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Discovery in Astronomy/Astrophysics (of astronomical objects) vs discovery of physical phenomena in experimental Physics (as such) - do they differ in required burden of evidence (with the notion, that astronomy/astrophysics deals with real physically existing astronomical objects, while the aim of experimental physics per se is mostly to verify rather somewhat abstract concepts of theoretical physics)?

Perhaps answering my question in some definite way would require some analysis with historical perspective and consideration of precedences ...

This generalized question of mine was motivated by more specific case featured in https://physics.stackexchange.com/q/236107/25575

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  • $\begingroup$ Isn't astronomy a part of physics $\endgroup$ – user5402 Jul 15 '19 at 15:38
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There is no central authority in science. There is no council that sets the standards. The criteria for a discovery are the same: You publish your findings, and your peers accept your results.

There is the 5 sigma rule in particle physics. Perhaps you were thinking of this. But that is not an official rule, instead it's a convention among particle physics. And it's not applicable to every field.

Things are never cut and dry. What does "Peers" mean. What if only most are convinced. Does it count? Discoveries are usually judged in retrospect. After the dust has settled and the debate s are over.

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Why is the bar set so high in physics? When "discovering" a particle there is no way to "see" it, instead you observe a mass of data and see a statistical discrepancy. Cern produces masses and masses of data, and it is sifted for anything unusual. And with so much data, the chance of seeing something unusual is actually quite high. (imagine searching for repetitions of '9' in the digits of pi - if you search far enough you can be sure to find a string of 6 9s even though the chance of a random string having 6 9s is very low)

With a mass of data, and the opportunity to repeat experiments it makes sense to set the bar very high.

Compare with an observation, such as the "chirp" at Ligo. We can't repeat it at will, the data is there: something happened that is consistent with a black hole merger. No other theory has been proposed that can explain the observations. The observation is less dependent on a statistical finding after running multiple experiments, but a single direct observation.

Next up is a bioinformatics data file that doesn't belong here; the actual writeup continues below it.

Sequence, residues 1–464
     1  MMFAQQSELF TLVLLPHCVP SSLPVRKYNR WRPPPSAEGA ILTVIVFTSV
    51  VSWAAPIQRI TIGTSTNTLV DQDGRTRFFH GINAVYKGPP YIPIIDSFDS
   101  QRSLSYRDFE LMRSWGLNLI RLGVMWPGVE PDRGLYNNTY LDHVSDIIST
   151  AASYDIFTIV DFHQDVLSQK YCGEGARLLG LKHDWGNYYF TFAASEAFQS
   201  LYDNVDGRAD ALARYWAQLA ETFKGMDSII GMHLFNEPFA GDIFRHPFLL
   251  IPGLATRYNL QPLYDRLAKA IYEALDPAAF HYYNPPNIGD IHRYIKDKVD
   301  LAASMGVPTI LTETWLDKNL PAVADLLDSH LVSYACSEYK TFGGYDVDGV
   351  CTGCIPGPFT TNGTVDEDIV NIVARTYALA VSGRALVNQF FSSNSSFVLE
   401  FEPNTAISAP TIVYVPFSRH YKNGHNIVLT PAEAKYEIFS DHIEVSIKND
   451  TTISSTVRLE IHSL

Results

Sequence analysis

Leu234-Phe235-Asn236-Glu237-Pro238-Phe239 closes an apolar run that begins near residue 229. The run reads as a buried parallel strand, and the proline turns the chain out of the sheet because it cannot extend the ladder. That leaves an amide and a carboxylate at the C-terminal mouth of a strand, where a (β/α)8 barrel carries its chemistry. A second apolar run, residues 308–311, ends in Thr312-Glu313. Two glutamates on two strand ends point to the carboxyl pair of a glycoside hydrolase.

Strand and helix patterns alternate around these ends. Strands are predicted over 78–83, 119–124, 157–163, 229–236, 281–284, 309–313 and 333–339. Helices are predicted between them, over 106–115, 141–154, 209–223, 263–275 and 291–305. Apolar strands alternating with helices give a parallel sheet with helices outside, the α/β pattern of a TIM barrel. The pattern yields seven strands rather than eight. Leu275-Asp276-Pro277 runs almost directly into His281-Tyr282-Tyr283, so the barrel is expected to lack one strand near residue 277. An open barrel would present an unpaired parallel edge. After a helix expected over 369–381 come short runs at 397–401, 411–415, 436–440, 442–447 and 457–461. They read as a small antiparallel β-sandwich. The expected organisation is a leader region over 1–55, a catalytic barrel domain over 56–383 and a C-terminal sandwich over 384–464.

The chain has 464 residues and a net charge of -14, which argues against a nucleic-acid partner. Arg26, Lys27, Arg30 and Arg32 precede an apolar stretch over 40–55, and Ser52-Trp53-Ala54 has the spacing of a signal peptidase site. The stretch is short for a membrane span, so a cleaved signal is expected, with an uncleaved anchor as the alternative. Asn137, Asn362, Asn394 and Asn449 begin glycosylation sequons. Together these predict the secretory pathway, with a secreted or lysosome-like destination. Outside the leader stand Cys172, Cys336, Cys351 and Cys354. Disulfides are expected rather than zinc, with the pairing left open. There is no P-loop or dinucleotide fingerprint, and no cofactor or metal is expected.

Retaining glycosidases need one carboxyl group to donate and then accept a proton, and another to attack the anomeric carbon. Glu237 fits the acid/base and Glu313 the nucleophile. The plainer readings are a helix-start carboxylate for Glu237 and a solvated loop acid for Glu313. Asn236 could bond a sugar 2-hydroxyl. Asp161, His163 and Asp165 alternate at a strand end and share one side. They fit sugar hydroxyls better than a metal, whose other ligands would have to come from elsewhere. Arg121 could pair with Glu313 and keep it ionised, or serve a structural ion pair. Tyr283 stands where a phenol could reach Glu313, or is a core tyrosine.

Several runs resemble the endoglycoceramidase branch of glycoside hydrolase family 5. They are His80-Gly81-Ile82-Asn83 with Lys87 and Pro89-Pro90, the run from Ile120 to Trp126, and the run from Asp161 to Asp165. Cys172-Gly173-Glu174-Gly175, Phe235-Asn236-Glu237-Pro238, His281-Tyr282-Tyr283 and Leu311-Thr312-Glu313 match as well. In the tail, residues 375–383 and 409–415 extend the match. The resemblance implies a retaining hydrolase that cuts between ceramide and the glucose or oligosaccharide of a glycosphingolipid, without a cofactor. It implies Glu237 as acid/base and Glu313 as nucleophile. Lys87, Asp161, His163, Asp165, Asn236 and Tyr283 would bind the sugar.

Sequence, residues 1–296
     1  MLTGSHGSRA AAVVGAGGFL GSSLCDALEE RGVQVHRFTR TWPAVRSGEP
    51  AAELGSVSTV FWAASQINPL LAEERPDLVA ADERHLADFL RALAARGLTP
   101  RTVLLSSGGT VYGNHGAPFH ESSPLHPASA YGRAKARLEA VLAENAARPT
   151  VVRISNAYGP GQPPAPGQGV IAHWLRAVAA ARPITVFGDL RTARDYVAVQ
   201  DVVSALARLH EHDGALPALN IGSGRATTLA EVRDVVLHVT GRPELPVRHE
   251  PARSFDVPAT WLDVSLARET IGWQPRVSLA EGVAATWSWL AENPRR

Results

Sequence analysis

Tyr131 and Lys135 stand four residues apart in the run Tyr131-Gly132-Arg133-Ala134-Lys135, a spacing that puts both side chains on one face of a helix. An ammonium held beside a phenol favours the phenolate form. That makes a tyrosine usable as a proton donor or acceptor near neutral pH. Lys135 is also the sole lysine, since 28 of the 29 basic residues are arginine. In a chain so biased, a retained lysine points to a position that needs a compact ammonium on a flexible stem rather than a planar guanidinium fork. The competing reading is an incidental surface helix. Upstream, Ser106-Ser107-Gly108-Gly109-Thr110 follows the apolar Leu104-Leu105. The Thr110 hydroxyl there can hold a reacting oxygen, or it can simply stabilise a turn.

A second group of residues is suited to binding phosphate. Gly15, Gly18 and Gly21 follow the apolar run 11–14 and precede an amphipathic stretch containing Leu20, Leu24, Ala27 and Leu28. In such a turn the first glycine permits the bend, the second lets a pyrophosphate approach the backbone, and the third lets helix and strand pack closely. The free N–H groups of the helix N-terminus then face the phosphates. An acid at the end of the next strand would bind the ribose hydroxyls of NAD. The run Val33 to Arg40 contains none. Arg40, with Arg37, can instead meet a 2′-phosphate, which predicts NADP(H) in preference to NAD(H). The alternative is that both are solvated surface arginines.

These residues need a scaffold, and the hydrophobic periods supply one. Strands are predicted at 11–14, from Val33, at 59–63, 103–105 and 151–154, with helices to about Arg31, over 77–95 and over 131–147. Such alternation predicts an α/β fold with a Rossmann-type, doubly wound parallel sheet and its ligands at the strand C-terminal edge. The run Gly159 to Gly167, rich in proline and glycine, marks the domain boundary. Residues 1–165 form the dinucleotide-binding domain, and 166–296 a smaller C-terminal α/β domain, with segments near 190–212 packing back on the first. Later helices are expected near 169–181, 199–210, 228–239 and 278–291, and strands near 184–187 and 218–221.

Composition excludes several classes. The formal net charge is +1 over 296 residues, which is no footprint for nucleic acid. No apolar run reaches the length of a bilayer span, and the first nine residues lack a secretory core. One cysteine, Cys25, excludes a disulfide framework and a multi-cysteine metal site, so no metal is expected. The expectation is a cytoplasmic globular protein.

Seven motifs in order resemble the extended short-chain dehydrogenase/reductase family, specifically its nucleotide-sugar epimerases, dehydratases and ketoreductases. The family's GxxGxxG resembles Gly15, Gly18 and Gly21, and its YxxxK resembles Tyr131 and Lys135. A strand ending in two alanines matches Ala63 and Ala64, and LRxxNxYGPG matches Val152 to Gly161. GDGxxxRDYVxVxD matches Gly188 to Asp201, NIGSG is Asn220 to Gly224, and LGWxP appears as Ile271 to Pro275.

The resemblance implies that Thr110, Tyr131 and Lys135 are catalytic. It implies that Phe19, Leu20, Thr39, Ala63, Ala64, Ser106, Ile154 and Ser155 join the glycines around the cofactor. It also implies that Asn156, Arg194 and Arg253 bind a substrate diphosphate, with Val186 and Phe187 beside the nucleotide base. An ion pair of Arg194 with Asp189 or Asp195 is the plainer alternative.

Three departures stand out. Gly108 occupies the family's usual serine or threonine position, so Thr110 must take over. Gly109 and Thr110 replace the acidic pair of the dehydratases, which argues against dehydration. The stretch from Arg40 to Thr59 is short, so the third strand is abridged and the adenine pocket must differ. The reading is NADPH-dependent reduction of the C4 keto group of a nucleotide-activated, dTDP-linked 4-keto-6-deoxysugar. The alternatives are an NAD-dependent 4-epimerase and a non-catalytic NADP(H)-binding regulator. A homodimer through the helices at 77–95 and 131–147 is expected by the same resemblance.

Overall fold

In fields in which a result could be explained by chance, then a statistical analysis is done, and published. This contributes to the quality of a finding, and so the number of people you will convince. And convincing your peers is the only criteria that counts in the end.

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  • $\begingroup$ Good point about the $5\sigma$ rule in physics. This actually distinguishes physics a bit from astronomy, as in the latter field, people tend to happily publish a $3\sigma$ result (although they may call it "tentative evidence"). $\endgroup$ – pela Mar 5 '16 at 14:29
  • $\begingroup$ @pela - thanks for the comment - this is amazing, since, IMHO, astronomy/astrophysics deals with real physically existing astronomical objects, while the aim of experimental physics is mostly to verify (somewhat abstract) concepts of theoretical physics ... $\endgroup$ – Alex Mar 5 '16 at 14:42
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    $\begingroup$ Would it be worth a comparison with psychology when p=0.05 is "significant" (equivalant to 2sigma) and p=0.1 is "Highly suggestive and tending towards significance") $\endgroup$ – James K Mar 5 '16 at 16:42
  • $\begingroup$ @JamesKilfiger - why not ... I wonder if there already exists some research/publication, covering this issue across variety of science domains. $\endgroup$ – Alex Mar 5 '16 at 16:49
  • $\begingroup$ @Alex: The number of sigmas needed to take a result seriously does depends on the type of observation. But for instance, if one detects something which would be unusual — like a galaxy breaking the distance record — then a $3\sigma$ would make most people happy. After all, this still means that "we're 99% sure it's there". Then better follow-up observations may confirm or reject the observation. And as James Kilfiger mention, we're still doing better than most social sciences :) $\endgroup$ – pela Mar 5 '16 at 17:21

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